MPs are grappling with the intricacies of the British constitution this week as they debate a shake-up of the succession laws.
Most attention has focused on the end of discrimination against female heirs, meaning Kate and William's first-born gets to wear the crown - even if she is a girl.
But there have also been rumblings of discontent - notably from some Tory backbenchers and the DUP - about another provision in the Bill: the end of the ban on heirs to the throne from marrying a Catholic.
The bar on a Catholic monarch remains, but rules preventing a monarch being married to a Catholic are to be lifted.
Concern has focused on the possible side-effects. What would happen were the children of that couple to be raised as Catholics - given the monarch's role as head of the Church of England?
As the Succession to the Crown Bill gets its second reading, North Antrim MP Ian Paisley jnr will attempt to tweak the legislation to ensure there are no consequences for the monarch's role as head of the Church of England.
His amendment would ensure that anyone in line to the throne "remains in communion with the Church of England", in line with the Act of Settlement.
He is supported by his party and several Tory MPs.
Mr Paisley argued that the line of succession had served the country well and said the planned changes could open up a "royal Pandora's box".
He referred to the opposition as a "papal prod pleb alliance". He said he hoped such an alliance would be "listened to by this house".
Deputy Prime Minister Nick Clegg yesterday told MPs: "The current rules of succession belong to a bygone era. They reflect old prejudices and old fears. "
He also told the Commons: "Today we don't support laws which discriminate on either religious or gender grounds.
"They have no place in modern Britain and certainly not in our monarchy - an institution central to our constitution, to the commonwealth and to our national identity too."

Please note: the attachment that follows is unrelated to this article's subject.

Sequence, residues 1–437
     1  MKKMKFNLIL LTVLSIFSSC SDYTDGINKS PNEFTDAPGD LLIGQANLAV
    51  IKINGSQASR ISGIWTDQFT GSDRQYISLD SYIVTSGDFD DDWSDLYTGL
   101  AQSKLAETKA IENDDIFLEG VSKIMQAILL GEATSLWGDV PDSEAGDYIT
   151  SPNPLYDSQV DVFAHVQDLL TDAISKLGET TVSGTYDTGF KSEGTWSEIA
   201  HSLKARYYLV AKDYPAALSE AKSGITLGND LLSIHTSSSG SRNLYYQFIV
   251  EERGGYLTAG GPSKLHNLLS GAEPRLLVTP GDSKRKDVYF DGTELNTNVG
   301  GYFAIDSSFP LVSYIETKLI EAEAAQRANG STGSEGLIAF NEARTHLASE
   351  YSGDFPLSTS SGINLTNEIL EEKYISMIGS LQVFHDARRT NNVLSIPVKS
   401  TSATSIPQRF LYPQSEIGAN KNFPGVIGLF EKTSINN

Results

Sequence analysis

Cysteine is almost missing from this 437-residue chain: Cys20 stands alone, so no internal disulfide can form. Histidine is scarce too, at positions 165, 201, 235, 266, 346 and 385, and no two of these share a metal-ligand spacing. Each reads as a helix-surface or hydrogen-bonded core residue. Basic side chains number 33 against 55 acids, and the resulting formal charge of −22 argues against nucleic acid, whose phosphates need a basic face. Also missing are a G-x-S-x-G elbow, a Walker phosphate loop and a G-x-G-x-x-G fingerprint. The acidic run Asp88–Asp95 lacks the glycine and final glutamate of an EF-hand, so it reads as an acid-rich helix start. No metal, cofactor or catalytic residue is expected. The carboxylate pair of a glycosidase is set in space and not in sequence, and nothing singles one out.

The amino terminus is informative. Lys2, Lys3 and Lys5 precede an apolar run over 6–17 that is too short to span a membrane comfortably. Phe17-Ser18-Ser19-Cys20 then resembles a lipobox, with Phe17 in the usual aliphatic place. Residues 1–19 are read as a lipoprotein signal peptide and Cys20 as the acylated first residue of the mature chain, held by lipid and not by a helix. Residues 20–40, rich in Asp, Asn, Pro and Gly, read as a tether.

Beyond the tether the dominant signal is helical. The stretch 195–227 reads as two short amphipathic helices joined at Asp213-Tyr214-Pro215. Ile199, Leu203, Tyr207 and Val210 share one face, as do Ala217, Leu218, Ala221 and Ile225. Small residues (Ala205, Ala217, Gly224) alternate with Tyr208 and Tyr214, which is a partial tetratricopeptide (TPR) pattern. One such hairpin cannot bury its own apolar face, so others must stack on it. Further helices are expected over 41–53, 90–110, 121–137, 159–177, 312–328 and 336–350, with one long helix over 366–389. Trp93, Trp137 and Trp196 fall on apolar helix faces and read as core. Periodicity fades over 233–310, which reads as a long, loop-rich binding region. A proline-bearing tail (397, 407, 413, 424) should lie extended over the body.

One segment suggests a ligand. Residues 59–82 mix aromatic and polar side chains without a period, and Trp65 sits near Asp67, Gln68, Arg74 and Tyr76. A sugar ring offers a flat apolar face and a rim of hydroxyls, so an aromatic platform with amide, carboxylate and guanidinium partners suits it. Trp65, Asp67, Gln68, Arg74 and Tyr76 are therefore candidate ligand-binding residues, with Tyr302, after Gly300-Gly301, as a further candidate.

Conservative backbencher Jacob Rees-Mogg, one of Parliament's authorities on constitutional matters, believes the Government's proposals are "nonsensical". A Catholic, he points to his duty under Canon Law to raise his children in the same way.
His amendment would allow a Catholic to take the throne, but the Church role would transfer to someone else.
He believes this is the only way to avoid a constitutional mess, but was not optimistic that either he, or Mr Paisley, could win the Commons vote.
This all follows concerns raised by a House of Lords committee, which said the monarch could be asked to veto an heir's marriage of in order to protect the succession.
The Government says it has no plans to change the relationship between Church and state.
Deputy Prime Minister Nick Clegg has insisted there is "a lot of flexibility" in the Catholic Church on how children are raised.
And spare a thought for hereditary peers, subject to similar gender discrimination as the Royals.
But the Government isn't bothering with them, so barons who only have daughters are forced to leave their vast estates to their nephews.
The proposed changes also need to be approved by the 15 other countries of which the Queen is head of state.
They agreed in principle to do so in 2011. The bill is expected to return to the house next week for further debate.